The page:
Encinitas studying resident-only parking areas in some neighborhoods

The downtown Encinitas sign.
(Charlie Neuman / San Diego Union-Tribune)

Commissions, City Council looking at revising ordinance in wake of Via Molena area residents-only parking approval


The day that enforcement began on a new residents-only, overnight parking zone centered on the Via Molena neighborhood, the city’s Planning Commission debated new proposed standards for creating such zones.

Commissioners said during last month’s meeting that they fully expect more requests for resident-only parking zones, given likely conflicts between the city’s existing single-family home neighborhoods and the likely spillover parking needs of the many high-density, multi-family housing projects that are expected to be built in Encinitas in the coming years.

However, they said, they really did not want the City Council to approve more of these no-overnight-parking zones, saying public streets should be public. And, if more are approved, the commissioners said, they should be designed in such a fashion that no one living nearby is left out — something that initially did occur with the original proposal for the Via Molena area parking ban.

“I don’t want us to put any language in that is discriminatory,” Commissioner Chris Ryan said.

Commission Chairman Kevin Doyle told city traffic engineer Abe Bandegan, “I’d love to have something in here to make gerrymandering impossible.”

Bandegan had provided the commission with a proposal that contained several changes to the city’s existing parking permit ordinance, including a new numeric standard for determining whether a residents-only parking permit request is justified and new definitions of what constitutes non-residential parking in a neighborhood. The proposal that the commission considered can be viewed at:

Commissioners suggested two other changes — one related to public noticing requirements and the other calling for using walking distance as a standard for designing a residence-only parking zone. The proposed changes ultimately will require City Council approval.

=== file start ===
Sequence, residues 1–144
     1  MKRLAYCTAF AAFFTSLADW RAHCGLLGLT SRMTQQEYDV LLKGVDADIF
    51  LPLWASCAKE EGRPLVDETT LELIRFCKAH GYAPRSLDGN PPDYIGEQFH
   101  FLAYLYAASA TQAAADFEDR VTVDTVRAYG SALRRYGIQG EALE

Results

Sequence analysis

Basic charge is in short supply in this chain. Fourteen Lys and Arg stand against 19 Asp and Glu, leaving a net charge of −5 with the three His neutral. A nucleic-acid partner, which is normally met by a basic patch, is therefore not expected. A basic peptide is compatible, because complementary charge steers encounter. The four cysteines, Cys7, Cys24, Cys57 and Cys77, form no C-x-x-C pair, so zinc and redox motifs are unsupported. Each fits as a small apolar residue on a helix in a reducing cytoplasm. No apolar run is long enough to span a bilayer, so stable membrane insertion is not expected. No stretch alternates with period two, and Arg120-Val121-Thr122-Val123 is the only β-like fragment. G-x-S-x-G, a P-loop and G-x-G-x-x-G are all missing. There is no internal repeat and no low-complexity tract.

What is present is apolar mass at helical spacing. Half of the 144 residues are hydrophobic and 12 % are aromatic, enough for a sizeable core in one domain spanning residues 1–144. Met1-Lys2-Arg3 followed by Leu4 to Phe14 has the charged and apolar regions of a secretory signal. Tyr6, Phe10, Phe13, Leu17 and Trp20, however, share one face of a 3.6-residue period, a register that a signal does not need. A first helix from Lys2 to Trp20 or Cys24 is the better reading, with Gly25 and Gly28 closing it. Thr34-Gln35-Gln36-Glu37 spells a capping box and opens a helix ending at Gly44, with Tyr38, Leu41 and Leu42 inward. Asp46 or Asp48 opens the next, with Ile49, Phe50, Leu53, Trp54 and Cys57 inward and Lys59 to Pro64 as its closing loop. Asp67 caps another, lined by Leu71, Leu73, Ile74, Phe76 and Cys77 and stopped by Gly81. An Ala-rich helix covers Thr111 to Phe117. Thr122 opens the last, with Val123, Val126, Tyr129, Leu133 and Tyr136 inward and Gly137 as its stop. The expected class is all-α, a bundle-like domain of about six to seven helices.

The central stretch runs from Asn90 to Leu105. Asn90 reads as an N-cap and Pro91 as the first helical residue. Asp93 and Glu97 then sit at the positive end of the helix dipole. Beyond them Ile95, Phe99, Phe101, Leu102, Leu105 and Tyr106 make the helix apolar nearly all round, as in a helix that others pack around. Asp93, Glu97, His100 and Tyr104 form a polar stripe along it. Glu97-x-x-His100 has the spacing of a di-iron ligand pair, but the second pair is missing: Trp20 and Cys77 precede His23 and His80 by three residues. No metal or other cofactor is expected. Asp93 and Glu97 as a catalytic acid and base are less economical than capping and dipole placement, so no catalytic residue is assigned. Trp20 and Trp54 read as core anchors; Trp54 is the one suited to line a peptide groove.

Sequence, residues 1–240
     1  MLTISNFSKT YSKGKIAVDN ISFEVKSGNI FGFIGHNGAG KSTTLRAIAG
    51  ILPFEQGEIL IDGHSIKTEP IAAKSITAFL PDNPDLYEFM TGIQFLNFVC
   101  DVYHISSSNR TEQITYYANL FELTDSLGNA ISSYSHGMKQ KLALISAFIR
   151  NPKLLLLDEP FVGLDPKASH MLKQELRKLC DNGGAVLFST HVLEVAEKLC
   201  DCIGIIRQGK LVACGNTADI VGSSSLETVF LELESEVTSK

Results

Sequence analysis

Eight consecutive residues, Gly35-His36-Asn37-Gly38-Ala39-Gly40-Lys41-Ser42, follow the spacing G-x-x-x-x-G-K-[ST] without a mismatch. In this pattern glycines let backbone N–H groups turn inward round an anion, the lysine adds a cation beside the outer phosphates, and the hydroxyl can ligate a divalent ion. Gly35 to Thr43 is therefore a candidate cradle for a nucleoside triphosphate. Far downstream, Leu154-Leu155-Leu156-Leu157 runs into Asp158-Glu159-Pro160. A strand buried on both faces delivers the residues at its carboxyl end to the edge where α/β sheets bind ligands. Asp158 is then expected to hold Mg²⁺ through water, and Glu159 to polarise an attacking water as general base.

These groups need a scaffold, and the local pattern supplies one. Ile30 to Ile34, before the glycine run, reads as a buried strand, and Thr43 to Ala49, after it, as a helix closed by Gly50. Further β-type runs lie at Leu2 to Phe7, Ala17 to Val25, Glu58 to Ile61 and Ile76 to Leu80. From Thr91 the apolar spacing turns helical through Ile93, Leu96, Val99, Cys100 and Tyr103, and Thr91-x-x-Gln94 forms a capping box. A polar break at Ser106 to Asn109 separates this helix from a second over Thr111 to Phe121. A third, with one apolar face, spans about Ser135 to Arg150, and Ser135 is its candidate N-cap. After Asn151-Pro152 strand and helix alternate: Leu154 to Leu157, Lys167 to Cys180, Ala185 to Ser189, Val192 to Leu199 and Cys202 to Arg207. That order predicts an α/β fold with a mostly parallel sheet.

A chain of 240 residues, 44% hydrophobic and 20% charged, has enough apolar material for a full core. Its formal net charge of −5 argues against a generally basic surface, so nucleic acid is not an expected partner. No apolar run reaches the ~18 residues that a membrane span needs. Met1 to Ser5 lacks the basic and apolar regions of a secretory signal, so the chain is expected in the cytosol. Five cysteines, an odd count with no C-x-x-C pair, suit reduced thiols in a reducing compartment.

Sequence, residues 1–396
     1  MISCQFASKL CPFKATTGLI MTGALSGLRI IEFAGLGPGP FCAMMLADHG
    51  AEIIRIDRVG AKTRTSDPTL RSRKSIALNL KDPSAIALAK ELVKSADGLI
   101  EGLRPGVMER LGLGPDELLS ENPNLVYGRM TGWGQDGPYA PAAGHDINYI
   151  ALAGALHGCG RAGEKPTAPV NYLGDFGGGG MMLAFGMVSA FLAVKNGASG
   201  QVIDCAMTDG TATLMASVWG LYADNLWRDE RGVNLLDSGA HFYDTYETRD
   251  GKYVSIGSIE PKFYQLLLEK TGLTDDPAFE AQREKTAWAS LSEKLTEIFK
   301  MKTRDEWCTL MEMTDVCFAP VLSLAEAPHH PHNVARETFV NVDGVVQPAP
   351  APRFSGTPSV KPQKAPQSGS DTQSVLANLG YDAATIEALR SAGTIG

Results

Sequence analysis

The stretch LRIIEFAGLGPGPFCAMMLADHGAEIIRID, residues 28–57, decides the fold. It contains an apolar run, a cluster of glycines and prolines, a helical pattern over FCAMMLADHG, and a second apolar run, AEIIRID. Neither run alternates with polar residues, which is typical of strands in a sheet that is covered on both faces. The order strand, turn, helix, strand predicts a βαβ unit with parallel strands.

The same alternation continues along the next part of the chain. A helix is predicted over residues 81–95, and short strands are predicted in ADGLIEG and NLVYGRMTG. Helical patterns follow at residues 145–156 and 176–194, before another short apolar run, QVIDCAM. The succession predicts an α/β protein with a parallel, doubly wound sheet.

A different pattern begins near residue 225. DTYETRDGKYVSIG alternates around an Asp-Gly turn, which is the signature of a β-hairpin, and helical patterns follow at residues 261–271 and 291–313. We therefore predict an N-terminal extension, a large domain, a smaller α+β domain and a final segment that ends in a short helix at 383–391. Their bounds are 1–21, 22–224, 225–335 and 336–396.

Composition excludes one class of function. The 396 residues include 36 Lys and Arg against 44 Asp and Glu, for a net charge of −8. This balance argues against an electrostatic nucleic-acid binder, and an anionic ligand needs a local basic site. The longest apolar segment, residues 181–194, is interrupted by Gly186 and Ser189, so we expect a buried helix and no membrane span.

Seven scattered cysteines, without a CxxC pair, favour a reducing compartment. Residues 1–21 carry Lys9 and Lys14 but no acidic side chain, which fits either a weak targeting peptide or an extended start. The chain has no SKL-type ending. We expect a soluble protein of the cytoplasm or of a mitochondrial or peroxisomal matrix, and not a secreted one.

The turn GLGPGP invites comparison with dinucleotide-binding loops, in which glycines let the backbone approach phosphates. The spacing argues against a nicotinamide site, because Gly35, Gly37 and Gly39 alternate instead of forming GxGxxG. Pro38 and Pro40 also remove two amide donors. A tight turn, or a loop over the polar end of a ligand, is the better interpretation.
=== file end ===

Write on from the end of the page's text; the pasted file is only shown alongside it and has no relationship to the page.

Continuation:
Planning Commissioner Robert Prendergast joined with his fellow commissioners in supporting changing the ordinance, but said he thought the city was “kicking the can down the road” because it wasn’t coming up with solutions for dealing with the likely parking issues that will develop near the future housing developments. It’s fine to say that people ought to use public transit and not have multiple vehicles, but several of the large housing projects in the works are not on streets that have public transit service, he noted.

Encinitas currently has four residential areas where overnight parking is by permit-only. They are:

  • Zone A, which covers the west side of Devonshire Drive from Melba Road to Santa Fe Drive;
  • Zone B, which includes Sea View Court and Pacific View Lane;
  • Zone C, which covers Seacrest Way;
  • Zone D, a newly created one that includes parts of Via Molena as well as Via Tavira, Via Sarasan, Via Palacio and Via Villena.

In these areas, people need to obtain city permits to overnight on the streets overnight. Permits cost $5 and households can receive temporary ones for guests as well as permanent ones for residents. The overnight parking ban for non-permit holders is from 10 p.m. to 8 a.m.
The Via Molena area won City Council approval for its permit zone parking in April after a two-year lobbying effort. Residents in the new zone have said that they sought the system after trying various other ways to combat problems with late-night noise, trash and abandoned vehicles on their streets. They said the problems started after The Resort at Encinitas Luxury Apartments — a large complex to the south of Via Molena — changed ownership. The new owners began enforcing apartment occupancy limits and onsite parking restrictions. Instead of moving out, neighbors contend, some unauthorized apartment dwellers began hiding their residency by parking on the nearby streets.

Initially, the proposal was to establish permit parking only on the four-street area where residents were campaigning for it, but that was later expanded to include Via Molena and the apartment complex.